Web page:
The antenna base layer 107 including the alloy of nickel and any of titanium, tantalum, tungsten, or molybdenum can be formed by performing sputtering only once. Moreover, when the unnecessary part of the antenna base layer 107 is removed, only one kind of etchant is necessary. This can achieve improvement of throughput and cost reduction in manufacturing semiconductor devices.

An organic resin such as polyimide, epoxy, acrylic, or polyamide can be used for the insulating layer 109. Instead of the aforementioned organic resins, an inorganic resin such as a resin including a SiOSi bond formed by using a siloxane-based material (this resin is hereinafter referred to as a siloxane-based resin) as a starting material can be used. The siloxane-based resin may include as a substituent at least one of fluorine, an alkyl group, or aromatic hydrocarbon in addition to hydrogen.

If a soft magnetic material can be contained, an inorganic insulating film such as a film of silicon oxide, silicon nitride oxide, silicon nitride, or the like can also be used as the insulating layer 109.

The protection film 115 can be formed by, for example, applying on the entire surface an epoxy-based, acrylate-based, or silicon-based resin which is soluble in water or in alcohols by a spin coating method or the like.

Although this embodiment mode shows the example of forming the copper plating layer 108 by an electrolytic plating method, an electroless plating method may alternatively be employed. The top surface of the antenna may have a shape other than the rectangular and spiral shape.

Although the example is described in which the substrate 102 is a glass substrate in this example, the substrate 102 may be a flexible substrate such as a plastic substrate. In the case of using a flexible substrate, the antenna and the integrated circuit are first formed over a substrate made of glass or the like; then, the antenna and the integrated circuit are separated and attached to the flexible substrate.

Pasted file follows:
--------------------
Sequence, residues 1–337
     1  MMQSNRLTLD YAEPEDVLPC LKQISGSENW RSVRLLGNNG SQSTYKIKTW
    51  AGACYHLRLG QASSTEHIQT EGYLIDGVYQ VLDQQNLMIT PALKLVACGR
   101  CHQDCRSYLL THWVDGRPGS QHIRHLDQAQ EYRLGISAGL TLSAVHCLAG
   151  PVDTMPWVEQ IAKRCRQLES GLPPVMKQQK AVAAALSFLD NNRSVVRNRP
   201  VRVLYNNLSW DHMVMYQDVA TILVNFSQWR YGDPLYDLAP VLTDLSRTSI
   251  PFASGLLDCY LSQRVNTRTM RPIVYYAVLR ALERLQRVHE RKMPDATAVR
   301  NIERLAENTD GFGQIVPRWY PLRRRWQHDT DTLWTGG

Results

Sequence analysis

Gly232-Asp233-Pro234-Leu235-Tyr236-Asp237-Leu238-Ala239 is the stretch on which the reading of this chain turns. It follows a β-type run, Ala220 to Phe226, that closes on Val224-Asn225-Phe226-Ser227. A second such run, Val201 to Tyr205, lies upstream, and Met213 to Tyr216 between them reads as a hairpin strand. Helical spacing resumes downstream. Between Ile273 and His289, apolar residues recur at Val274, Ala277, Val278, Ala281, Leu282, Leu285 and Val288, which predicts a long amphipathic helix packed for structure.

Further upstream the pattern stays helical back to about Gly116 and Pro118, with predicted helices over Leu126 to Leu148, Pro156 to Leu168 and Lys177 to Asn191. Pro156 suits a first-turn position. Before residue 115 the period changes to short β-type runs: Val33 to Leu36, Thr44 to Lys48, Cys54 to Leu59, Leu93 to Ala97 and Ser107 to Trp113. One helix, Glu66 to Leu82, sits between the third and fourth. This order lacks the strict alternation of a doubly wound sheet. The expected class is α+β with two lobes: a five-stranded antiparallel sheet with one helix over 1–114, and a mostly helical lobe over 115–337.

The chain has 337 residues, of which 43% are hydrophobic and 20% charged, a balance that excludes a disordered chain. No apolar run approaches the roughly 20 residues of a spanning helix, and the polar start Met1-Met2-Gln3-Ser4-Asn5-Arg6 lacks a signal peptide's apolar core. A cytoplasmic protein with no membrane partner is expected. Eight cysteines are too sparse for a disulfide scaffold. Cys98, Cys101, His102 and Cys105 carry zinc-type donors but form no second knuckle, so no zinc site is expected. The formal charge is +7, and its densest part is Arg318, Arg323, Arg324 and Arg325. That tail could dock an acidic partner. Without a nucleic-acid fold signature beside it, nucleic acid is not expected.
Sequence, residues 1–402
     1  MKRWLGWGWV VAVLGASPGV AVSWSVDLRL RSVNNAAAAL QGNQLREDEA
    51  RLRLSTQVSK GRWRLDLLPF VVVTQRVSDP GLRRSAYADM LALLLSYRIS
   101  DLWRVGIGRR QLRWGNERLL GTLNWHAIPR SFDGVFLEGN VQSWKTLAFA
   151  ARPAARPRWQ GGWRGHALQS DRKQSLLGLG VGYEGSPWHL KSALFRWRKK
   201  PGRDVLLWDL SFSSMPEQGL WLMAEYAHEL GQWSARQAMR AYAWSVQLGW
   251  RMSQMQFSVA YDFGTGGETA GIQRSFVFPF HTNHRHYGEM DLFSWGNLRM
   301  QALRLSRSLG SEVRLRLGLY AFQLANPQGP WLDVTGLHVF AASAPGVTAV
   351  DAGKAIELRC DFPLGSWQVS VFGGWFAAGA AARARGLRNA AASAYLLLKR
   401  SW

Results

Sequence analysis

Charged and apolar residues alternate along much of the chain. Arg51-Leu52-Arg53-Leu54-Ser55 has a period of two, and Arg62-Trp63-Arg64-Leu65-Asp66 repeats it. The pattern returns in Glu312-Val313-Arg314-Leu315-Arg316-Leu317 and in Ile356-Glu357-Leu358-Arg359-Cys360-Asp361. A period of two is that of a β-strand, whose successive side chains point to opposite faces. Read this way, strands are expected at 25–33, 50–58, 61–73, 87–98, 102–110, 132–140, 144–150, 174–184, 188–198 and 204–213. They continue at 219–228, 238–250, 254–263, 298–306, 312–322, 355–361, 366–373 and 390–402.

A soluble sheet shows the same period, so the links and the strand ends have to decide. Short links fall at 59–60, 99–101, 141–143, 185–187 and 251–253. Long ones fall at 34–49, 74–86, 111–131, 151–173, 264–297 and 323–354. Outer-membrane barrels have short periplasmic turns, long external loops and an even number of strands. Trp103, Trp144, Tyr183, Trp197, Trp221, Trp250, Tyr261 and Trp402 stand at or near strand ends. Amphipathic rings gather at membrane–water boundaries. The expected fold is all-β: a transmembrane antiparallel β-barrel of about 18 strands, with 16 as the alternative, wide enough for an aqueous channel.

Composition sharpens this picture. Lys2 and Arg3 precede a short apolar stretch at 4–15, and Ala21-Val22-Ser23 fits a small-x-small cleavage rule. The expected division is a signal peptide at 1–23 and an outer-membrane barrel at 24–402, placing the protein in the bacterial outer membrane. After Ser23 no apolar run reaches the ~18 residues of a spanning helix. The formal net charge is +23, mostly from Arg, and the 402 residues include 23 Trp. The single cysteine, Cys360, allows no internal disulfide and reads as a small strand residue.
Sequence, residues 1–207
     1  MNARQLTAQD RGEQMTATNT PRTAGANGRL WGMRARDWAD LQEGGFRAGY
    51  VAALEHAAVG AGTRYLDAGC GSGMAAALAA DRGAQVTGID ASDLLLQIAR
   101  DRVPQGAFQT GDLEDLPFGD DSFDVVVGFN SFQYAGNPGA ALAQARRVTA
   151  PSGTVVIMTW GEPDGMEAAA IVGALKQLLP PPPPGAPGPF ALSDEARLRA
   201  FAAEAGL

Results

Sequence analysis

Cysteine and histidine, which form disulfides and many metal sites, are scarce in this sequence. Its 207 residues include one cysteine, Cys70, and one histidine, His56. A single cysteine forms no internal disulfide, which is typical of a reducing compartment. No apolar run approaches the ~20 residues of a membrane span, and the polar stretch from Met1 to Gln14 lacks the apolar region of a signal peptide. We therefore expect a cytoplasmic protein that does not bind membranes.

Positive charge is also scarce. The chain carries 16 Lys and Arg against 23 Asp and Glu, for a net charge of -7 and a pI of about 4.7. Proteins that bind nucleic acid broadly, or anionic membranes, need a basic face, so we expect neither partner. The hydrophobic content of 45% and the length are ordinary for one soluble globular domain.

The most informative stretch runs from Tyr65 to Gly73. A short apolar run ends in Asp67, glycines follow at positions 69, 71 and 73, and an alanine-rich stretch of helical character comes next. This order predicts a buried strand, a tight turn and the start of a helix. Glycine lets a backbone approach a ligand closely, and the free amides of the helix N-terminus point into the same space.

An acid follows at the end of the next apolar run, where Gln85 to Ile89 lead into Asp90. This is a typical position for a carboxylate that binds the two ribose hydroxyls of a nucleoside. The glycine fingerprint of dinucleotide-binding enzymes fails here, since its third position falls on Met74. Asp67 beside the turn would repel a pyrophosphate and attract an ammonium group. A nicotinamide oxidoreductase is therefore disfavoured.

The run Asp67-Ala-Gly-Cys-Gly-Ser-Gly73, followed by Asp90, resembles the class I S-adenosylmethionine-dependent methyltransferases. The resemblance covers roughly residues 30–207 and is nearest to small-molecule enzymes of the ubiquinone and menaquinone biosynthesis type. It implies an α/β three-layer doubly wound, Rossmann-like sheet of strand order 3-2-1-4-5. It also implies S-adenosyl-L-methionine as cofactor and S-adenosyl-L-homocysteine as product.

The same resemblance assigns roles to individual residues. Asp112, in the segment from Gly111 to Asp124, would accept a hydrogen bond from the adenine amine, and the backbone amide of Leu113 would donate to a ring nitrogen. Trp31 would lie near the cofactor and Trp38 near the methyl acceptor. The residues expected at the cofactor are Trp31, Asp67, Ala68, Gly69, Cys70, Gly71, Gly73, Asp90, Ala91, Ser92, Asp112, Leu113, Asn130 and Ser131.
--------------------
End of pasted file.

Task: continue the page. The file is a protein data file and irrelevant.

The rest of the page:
Next, an example of a circuit configuration of the wireless chip of this embodiment mode is shown. FIG. 3 is a block diagram for illustrating circuits of the wireless chip.

FIG. 3 shows an example of a block diagram of circuit arrangement of the wireless chip of the present invention. In FIG. 3, a reader/writer 401 is a device for writing and reading data in and from a wireless chip 400 from outside without contact. The wireless chip 400 includes an antenna portion 402 for receiving electric waves; a rectifier circuit 403 for rectifying the output of the antenna portion 402; a regulator circuit 404 for outputting operating voltage VDD to each circuit upon the receipt of the output from the rectifier circuit 403; a clock generator circuit 405 for generating clock upon the receipt of the output from the regulator circuit 404; a booster circuit 407 for supplying data-writing voltage to a memory circuit 408 that carries out data writing or reading, upon the receipt of the output from a logic circuit 406; a backflow prevention diode 409 to which the output of the booster circuit 407 is to be inputted; a battery capacitor 410 in which the output of the backflow prevention diode 409 is to be inputted to accumulate charges; and the logic circuit 406 for controlling a circuit such as the memory circuit 408.

Although not particularly shown here, there may additionally be a data modulator/demodulator circuit, a sensor, an interface circuit, and the like. With such a structure, the wireless chip 400 can communicate information with the reader/writer 401 without contact.